I’ve written extensively about how environment is a much bigger factor in our health than our genes. However, I do want to balance the scale and discuss the instances where genetic programming does come into play. Below, I’m going to highlight a few examples where genetic variation (through so-called SNPs, or single nucleotide polymorphisms) may suggest that you act differently. In particular, nutrigenomics is an emerging field of science that explores how nutrition impacts our genome; nutrigenomics demonstrates that certain nutritional interventions can have a positive, neutral or negative effect on a sub-population of individuals, dependent on their unique genetics.
There is ongoing debate about whether high fat diets are healthy for us. The answer may depend, in part, on your genetic make-up. There are three types of APOE variants (E2, E3 and E4). Since you get one gene from each of your parents, your unique mix of APOE genes (e.g., E2/E3, E4/E4) determines how your body metabolizes cholesterol.
The most common genotype is APO E3/E3. People in this population exhibit normal cholesterol metabolism. However, people with APO E2 or APO E4 gene variants exhibit dysfunctional cholesterol metabolism. APO E2 is associated with lower cholesterol levels whereas APO E4 is associated with higher cholesterol levels.
Several studies have found that diet may influence the effect of the APOE polymorphism on cholesterol levels. Because of how cholesterol is differentially metabolized, it has been suggested that E4 carriers benefit most from lower fat, higher carb diets while E2 carriers benefit most from higher fat, lower carb diets. We now know that the relationship between fat intake and cholesterol levels isn’t as clear as we used to think it was and that sugar intake might actually be a bigger mediator in cholesterol synthesis. However, in this case, the amount of dietary fat that’s optimal for you may very well depend on certain pieces of your genetic blueprint.
The research on coffee consumption has been notoriously mixed. Some studies find that drinking coffee has many health benefits (e.g., owing to the polyphenols, etc). Other studies find that drinking coffee has many health drawbacks (e.g., makes the body overly acidic, leaches minerals, etc.). There is not one, single answer here...and the discrepancy may lie in our genetic make-up.
Several studies have found that the difference in whether coffee is beneficial or detrimental depends on whether you are a fast or slow metabolizer of coffee; one study looked at the risk of heart attack and another looked at the risk of hypertension. Both studies found the same thing: slow metabolizers of caffeine have an increased risk of disease, while fast metabolizers experience no such increased risk. Fast metabolizers are able to clear caffeine from their systems quickly, allowing exposure to the beneficial compounds (like polyphenols) while decreasing the likelihood of negative side effects. Slow metabolizers, on the other hand, took a lot longer to clear the caffeine, which increased the amount of time that caffeine had to wreak havoc on the body. We now know that one gene, CYP1A2, seems to play a role in regulating whether you are a fast or slow metabolizer. Now, it would be remiss of us to stop the discussion there; there are absolutely other genetic and environmental factors that may play a role in how caffeine is metabolized in the body. Several other SNPs have already been implicated. However, CYP1A2 is a great place to start in understanding the role of genetics in informing our daily coffee fix.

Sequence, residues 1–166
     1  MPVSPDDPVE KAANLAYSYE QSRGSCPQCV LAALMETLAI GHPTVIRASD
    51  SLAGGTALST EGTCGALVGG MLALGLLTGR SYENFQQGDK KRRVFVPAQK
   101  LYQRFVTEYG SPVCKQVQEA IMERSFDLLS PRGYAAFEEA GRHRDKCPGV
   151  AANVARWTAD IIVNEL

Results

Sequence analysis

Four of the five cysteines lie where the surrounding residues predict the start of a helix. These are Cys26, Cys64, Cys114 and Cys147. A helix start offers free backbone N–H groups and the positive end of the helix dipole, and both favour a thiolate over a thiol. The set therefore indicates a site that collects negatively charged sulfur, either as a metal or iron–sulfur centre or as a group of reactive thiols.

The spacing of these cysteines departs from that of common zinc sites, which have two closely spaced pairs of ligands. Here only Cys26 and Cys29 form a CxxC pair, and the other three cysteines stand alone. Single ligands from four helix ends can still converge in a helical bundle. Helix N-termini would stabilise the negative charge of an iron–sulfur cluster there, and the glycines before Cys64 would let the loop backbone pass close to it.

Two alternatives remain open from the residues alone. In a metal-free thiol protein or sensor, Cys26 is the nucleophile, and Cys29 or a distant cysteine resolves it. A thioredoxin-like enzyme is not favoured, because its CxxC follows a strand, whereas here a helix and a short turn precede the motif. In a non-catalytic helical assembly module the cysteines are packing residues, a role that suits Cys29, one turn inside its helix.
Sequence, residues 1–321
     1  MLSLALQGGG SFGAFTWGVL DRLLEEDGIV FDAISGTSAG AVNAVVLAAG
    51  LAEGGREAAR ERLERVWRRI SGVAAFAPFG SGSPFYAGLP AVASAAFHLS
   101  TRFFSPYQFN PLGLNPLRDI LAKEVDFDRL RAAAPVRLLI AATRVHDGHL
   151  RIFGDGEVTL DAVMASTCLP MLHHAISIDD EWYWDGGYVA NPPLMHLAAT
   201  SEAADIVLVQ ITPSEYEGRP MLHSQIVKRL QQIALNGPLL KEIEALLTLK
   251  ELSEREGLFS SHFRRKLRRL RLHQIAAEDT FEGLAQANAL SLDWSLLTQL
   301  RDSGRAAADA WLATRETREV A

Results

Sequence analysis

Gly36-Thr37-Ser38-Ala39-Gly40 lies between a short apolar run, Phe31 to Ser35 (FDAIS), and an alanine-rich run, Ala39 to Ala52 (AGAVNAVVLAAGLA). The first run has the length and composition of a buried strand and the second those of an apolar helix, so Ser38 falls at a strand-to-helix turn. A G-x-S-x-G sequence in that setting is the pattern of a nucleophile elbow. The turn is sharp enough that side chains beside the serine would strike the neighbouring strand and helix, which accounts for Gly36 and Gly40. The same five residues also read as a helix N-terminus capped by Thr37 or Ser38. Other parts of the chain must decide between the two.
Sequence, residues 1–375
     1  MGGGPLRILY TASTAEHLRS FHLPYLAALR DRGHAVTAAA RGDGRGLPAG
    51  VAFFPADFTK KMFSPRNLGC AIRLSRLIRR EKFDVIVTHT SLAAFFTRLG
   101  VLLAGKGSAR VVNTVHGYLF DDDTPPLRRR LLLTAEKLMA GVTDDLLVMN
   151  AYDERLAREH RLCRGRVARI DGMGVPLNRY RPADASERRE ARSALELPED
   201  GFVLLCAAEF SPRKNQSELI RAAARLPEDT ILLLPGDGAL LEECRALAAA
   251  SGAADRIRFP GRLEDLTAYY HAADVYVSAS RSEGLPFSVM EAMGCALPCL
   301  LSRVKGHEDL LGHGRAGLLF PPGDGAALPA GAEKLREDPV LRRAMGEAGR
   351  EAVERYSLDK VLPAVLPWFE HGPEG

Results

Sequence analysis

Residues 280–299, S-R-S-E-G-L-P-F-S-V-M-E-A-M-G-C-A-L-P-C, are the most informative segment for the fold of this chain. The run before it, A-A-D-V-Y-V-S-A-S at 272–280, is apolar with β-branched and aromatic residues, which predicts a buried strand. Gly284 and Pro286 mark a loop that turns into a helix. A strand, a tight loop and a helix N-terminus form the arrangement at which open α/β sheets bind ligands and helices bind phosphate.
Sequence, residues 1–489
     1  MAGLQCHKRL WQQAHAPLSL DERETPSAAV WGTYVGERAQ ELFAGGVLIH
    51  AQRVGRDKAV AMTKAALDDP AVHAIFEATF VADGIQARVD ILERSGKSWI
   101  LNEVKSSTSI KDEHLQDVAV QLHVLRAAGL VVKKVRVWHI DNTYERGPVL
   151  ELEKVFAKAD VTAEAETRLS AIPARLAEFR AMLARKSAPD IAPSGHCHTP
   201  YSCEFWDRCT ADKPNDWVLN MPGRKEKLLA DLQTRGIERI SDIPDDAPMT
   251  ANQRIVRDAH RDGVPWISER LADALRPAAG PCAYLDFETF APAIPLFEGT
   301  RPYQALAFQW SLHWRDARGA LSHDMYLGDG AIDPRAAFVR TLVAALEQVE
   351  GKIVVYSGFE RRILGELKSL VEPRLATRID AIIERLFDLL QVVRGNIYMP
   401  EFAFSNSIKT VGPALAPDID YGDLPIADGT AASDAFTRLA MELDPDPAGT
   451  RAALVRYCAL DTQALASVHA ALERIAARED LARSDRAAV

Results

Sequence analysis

MTHFR is one of the most studied SNPs. MTHFR is the enzyme that converts dietary folate (and synthetic folic acid) to the active form of folate (5-mTHF) as well as converting homocysteine to methionine. People with MTHFR SNPs have decreased activity in this enzyme ranging from ~30% to 75%. Given this, for people with one or two MTHFR gene mutations, the research suggests that you should limit intake of folic acid in fortified foods and supplements since you can’t convert folic acid as efficiently into usable folate. You may also want to limit foods that increase homocysteine levels (e.g., processed foods, too much conventionally raised meat, alcohol) and incorporate foods that decrease homocysteine levels (e.g., green leafy vegetables). In addition, detox capacity may be impaired so eating a clean diet (e.g., filtered water, clean animal products, organic produce) is especially important for those with MTHFR mutations. There are many more lifestyle suggestions for managing an MTHFR mutation, but you get the idea.
In the future, when we see conflicting evidence in nutrition studies, we may consider the fact that genetics may play a role in what works for one person but not another. We are just scratching the surface when it comes to understanding gene variants and their impact on our bodies. However, it is important that there is an interplay between our genetics and our lifestyle behaviors. Nutrition is not a one-size-fits-all prescription. As with the Pareto principle, ~80% of dietary recommendations can be applied fairly broadly to the population at large, while ~20% of recommendations may need to be tailored to your unique genetics and circumstances.